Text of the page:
Using Kali Linux doesn’t make your kid a hacker – if anything it should be encouraged
Security experts have poo-pooed “misguided” advice from UK police suggesting that kids using services like Discord, Tor and Kali Linux could be early signs they’re hackers.
News of the guidance broke when a poster from the West Midlands Police being distributed in schools appeared on Twitter earlier this week.
The poster alleged that children’s use of certain software and apps, including Discord, Metasploit, Tor and Kali Linux could indicate they were engaged in illegal activity.
However, F-Secure senior security consultant Nick Jones quashed the notion telling Trusted Reviews, if anything, kids’ interest in software like Kali Linux could be beneficial.
“In the strictest definition, Kali Linux is an operating system often used for hacking, in the sense that it’s a popular operating system used by security professionals to perform offensive security testing,” he said.
“It’s not necessarily an indicator of anything nefarious if it is present on a child’s computer, as it’s also commonly used by people participating in legal cybersecurity activities, such as online competitions, Capture The Flag (CTF) exercises, and a wide variety of other legitimate hobbyist cyber security activity.”
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The UK government and numerous intelligence and law enforcement agencies all run competitions, like the ongoing Cyber Security Challenge UK, to try and help identify young people with the skills needed to work as ethical hackers and security professionals.
Jones added that, despite the positives, parents should still talk to their children about their use of tools like Kali Linux, so they can guide their studies.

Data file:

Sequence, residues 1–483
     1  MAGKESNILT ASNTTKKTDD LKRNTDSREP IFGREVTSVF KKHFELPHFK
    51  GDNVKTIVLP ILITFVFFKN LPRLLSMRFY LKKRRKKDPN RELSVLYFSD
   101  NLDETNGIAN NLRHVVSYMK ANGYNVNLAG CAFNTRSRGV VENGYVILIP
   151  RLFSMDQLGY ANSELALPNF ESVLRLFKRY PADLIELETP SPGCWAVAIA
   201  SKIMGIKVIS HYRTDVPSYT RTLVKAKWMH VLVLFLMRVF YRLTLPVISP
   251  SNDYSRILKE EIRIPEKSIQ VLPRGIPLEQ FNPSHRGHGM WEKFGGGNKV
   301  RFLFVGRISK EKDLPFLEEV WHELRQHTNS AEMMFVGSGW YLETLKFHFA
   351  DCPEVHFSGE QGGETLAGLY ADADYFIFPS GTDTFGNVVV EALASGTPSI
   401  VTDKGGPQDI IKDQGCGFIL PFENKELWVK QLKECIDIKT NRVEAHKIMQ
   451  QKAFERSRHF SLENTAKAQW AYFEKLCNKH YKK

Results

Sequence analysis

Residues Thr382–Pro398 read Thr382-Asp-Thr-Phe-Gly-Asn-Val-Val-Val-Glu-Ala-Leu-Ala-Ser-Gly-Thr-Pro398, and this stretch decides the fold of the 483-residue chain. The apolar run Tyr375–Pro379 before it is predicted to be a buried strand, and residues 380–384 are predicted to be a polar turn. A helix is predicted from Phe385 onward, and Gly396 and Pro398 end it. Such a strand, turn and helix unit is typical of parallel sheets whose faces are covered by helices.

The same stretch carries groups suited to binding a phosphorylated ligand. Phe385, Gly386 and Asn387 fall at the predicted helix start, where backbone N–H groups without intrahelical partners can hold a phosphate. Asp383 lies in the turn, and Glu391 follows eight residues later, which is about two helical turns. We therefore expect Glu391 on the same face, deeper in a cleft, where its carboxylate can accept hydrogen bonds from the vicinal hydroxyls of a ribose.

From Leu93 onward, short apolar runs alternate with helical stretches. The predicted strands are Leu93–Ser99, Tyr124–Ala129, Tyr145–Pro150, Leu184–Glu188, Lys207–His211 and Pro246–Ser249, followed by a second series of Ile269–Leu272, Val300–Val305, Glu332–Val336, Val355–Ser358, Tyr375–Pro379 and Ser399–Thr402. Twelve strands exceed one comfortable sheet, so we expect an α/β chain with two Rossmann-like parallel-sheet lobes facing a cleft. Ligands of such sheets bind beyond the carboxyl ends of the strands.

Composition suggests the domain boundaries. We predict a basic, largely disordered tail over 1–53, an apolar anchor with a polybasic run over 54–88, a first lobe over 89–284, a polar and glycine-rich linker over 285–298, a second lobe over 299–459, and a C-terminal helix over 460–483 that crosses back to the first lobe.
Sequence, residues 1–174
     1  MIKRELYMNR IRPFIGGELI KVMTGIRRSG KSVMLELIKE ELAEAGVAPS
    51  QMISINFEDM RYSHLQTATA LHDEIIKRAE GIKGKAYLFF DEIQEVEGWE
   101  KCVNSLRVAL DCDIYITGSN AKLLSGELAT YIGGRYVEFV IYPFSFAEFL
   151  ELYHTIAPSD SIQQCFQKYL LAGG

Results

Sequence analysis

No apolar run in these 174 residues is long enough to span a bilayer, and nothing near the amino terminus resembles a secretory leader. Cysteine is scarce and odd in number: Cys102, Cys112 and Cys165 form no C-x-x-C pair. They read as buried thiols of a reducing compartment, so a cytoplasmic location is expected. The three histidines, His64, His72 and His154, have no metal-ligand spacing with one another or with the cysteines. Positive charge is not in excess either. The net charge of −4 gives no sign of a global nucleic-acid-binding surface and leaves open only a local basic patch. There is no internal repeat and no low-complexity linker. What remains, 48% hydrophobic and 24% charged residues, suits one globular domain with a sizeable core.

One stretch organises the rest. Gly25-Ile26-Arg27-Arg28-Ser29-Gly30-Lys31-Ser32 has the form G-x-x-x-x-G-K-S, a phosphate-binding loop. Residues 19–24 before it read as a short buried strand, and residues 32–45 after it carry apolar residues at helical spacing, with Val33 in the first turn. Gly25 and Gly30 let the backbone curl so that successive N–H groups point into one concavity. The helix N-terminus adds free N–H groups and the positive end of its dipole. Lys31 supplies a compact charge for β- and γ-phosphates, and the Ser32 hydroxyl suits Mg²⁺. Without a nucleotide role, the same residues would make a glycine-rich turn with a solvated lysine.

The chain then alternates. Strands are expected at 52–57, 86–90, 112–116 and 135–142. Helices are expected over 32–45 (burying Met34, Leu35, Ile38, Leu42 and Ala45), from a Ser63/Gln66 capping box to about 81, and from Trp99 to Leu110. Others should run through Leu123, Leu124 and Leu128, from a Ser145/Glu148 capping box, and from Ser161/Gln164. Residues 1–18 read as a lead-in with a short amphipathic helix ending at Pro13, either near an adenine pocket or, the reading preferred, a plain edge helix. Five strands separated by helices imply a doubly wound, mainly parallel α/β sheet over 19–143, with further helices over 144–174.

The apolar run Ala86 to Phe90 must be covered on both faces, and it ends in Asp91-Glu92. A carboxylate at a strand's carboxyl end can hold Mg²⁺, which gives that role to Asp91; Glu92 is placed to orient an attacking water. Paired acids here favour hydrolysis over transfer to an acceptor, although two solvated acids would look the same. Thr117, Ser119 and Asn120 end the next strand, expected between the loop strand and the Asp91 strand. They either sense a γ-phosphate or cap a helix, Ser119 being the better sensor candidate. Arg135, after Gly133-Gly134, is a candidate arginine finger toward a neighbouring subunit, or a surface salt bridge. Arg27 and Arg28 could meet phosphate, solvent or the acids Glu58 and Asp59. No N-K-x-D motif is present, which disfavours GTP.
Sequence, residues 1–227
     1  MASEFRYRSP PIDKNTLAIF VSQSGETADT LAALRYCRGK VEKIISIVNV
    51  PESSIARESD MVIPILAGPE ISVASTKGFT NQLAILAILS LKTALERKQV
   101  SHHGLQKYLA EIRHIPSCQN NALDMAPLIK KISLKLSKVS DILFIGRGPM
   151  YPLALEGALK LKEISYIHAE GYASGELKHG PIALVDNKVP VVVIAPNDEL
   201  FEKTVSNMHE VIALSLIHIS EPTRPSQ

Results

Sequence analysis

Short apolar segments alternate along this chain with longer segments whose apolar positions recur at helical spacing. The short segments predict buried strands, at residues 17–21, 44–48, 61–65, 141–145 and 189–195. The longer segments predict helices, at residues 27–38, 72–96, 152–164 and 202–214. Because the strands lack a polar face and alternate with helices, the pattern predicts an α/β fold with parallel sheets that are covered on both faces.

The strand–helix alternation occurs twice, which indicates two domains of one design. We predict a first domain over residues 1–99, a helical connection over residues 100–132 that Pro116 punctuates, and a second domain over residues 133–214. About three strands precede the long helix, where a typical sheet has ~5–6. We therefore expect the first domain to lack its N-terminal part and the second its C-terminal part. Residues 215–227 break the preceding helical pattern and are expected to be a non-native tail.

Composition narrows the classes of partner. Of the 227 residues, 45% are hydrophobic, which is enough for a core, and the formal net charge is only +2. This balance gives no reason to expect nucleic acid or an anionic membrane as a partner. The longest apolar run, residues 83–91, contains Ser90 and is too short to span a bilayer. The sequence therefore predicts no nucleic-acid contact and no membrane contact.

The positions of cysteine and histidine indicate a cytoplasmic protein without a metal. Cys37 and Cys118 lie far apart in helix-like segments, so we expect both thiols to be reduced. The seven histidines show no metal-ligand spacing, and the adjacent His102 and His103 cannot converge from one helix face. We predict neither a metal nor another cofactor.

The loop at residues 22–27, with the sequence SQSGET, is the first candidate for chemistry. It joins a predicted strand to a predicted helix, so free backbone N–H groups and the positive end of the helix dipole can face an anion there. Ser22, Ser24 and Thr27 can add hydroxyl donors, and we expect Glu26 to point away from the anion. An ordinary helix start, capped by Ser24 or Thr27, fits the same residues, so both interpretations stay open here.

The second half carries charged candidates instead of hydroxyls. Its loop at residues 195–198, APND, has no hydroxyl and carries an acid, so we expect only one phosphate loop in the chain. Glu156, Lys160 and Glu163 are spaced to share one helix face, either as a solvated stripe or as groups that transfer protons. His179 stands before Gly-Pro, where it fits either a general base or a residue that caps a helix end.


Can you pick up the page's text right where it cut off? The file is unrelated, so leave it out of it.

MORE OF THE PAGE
“Parents shouldn’t immediately assume that its presence is an indicator that their child is up to no good. Instead, parents should talk to their children and understand their children’s motivations for having it,” he said.
“Assuming that they acquired it through legitimate interest in the field, parents should encourage this in their children given the cybersecurity skills gap and the ongoing demand for these skills in the UK workforce.
Thycotic chief security scientist Joseph Carson mirrored Jones sentiment telling Trusted Reviews that the ad stemmed from common misconception about what hacking is.
“The West Midlands police should have engaged with the ethical hacking community to create this poster, and clarified that using these tools does not make your child a criminal. It may also indicate their interest in several key paths to becoming an ethical hacker, so it would have been useful to include ways to guide them or connect them with mentors to further develop their skills,” he said.
“A child using legitimate tools to learn new skills should not be portrayed as bad, but it is important to ensure that they are aware of the legal and illegal uses of those tools […] Children using Kali is great news, we must enable and empower them to be the defenders and ethical hackers of the future but guidance is critical, as is the case with any child learning a new skill.”
The two experts’ comments follow widespread reports of a cyber security skills gap within the UK, with the government outlined a strategy to try and plug the gap in May 2019.